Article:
Trecento

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The Trecento (Italian pronunciation: [treˈtʃɛnto]; Italian for 300, short for "mille trecento," 1300) refers to the 14th century in Italian cultural history.

Period[edit]

Art[edit]

Commonly the Trecento is considered to be the beginning of the Renaissance in art history. Painters of the Trecento included Giotto di Bondone, as well as painters of the Sienese School, which became the most important in Italy during the century, including Duccio di Buoninsegna, Simone Martini, Lippo Memmi, Ambrogio Lorenzetti and his brother Pietro. Important sculptors included two pupils of Giovanni Pisano: Arnolfo di Cambio and Tino di Camaino, and Bonino da Campione.

Vernacular writing[edit]

The Trecento was also famous as a time of heightened literary activity, with writers working in the vernacular instead of Latin. Dante, Petrarch and Boccaccio were the leading writers of the age. Dante produced his famous La divina commedia (The Divine Comedy), a summation of the medieval worldview, and Petrarch wrote verse in a lyrical style influenced by the Provençal poetry of the troubadours.

Secular music[edit]

In music, the Trecento was a time of vigorous activity in Italy, as it was in France, with which there was a frequent interchange of musicians and influences. Distinguishing the period from the preceding century was an emphasis on secular song, especially love lyrics; much of the surviving music is polyphonic, but the influence of the troubadours who came to Italy, fleeing the Albigensian Crusade in the early 13th century, is evident. In contrast to the artistic and literary achievements of the century, Trecento music (at least in written form) flourished in the second half of the century, and the period is often extended (especially in English-language scholarship) into the first decades of the 15th century, as a so-called "Long Trecento." Musicians and composers of the Trecento included the renowned Francesco Landini, as well as Maestro Piero, Gherardello da Firenze, Jacopo da Bologna, Giovanni da Cascia, Paolo "Tenorista" da Firenze, Niccolò da Perugia, Bartolino da Padova, Antonio Zachara da Teramo, Matteo da Perugia, and Johannes Ciconia.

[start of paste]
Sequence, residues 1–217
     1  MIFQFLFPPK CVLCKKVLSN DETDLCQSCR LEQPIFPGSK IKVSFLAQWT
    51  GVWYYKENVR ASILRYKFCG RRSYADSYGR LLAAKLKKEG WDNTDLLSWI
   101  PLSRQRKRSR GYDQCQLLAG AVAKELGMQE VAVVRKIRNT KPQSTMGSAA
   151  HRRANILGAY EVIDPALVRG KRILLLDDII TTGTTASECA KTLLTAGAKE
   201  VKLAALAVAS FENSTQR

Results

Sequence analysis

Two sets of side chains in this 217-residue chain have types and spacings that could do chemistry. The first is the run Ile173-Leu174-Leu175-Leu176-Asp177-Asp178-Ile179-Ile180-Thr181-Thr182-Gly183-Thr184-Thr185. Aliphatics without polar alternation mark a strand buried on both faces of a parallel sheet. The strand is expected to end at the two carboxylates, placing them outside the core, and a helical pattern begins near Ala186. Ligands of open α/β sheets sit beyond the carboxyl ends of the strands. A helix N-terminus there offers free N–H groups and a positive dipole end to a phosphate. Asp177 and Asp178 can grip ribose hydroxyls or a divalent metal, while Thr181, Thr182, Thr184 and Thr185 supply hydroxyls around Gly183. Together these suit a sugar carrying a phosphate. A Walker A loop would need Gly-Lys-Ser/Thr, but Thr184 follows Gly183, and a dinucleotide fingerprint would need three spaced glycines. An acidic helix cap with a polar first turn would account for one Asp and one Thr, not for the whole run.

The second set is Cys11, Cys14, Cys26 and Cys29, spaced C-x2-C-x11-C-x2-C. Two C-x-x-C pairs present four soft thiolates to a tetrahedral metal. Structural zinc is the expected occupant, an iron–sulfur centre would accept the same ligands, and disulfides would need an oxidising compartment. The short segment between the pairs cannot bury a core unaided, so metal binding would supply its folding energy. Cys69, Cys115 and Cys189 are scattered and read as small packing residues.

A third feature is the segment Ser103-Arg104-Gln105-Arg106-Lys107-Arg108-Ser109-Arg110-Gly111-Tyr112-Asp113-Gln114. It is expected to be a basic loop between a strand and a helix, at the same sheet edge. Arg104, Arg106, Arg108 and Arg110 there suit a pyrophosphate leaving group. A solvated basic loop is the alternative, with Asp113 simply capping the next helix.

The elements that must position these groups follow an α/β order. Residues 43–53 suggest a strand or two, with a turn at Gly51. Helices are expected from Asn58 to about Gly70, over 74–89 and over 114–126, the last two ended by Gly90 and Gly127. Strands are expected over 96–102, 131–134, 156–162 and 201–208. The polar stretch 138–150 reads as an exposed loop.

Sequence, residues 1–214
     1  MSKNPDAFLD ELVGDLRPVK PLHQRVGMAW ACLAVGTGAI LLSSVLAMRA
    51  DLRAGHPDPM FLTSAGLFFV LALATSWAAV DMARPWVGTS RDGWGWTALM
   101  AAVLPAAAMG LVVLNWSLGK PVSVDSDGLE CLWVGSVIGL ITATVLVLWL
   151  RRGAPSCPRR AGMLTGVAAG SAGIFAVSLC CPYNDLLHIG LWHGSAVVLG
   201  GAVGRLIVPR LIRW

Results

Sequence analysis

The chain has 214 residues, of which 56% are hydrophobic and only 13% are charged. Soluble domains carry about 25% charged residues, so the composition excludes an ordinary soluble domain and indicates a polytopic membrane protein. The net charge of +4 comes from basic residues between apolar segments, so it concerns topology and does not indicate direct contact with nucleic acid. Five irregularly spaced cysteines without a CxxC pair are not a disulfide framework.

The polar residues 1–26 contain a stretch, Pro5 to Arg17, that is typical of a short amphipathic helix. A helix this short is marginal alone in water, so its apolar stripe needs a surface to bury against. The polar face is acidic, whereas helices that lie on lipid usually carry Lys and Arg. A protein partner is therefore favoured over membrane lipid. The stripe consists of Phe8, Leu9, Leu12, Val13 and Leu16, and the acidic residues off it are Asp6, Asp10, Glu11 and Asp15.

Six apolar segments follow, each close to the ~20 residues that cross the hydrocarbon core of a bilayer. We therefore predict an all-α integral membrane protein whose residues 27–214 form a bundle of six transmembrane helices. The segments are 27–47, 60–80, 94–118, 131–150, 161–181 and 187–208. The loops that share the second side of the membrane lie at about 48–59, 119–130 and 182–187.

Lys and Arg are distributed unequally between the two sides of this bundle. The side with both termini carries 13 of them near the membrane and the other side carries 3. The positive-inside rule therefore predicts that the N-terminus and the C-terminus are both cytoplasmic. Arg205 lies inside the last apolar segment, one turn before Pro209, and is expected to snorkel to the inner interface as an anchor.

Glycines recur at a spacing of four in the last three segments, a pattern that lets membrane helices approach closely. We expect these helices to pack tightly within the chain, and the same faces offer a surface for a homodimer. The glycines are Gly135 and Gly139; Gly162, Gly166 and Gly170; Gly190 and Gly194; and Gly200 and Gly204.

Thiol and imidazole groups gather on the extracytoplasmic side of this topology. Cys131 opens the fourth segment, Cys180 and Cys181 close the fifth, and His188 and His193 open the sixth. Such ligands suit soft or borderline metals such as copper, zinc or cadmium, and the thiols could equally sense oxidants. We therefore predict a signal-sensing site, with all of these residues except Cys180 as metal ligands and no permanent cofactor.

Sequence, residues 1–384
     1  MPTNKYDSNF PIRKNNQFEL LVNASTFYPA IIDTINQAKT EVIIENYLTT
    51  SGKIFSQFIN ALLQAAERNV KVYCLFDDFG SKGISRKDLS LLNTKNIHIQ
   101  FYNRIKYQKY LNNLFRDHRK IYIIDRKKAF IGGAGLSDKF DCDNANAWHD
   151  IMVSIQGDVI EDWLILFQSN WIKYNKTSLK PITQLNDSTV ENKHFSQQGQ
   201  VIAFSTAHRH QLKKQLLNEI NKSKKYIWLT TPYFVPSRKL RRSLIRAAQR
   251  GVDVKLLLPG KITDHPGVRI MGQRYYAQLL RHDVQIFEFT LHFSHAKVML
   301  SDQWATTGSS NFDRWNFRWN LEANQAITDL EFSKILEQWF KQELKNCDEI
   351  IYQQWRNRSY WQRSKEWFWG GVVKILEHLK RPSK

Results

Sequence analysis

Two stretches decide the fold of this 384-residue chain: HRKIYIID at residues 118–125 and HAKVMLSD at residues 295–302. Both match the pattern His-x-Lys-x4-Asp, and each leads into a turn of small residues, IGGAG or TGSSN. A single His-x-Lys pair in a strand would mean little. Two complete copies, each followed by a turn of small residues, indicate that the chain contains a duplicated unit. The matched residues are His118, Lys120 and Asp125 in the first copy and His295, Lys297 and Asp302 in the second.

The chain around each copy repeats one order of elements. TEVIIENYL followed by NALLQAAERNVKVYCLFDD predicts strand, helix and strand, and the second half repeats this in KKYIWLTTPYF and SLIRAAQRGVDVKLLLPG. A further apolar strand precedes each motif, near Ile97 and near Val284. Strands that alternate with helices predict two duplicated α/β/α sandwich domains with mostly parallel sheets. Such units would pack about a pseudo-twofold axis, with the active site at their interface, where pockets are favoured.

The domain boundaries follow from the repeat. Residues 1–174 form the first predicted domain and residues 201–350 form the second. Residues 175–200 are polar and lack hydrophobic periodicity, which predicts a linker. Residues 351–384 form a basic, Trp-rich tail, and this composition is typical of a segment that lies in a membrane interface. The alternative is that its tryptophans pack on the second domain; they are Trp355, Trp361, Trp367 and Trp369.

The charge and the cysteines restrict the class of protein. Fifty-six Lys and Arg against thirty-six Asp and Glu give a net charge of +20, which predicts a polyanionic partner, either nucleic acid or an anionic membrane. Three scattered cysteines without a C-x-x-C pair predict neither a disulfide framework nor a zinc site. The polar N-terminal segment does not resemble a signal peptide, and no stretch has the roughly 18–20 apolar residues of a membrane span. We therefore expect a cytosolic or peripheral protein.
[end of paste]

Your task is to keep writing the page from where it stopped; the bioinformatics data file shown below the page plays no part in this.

See also[edit]

Further reading[edit]

Michael Long, "Trecento Italy," in James McKinnon, ed., Antiquity and the Middle Ages, Man and Music (renamed: Music and Society) series. Englewood Cliffs, N.J.: Prentice Hall, 1991. pp. 241–268.

References[edit]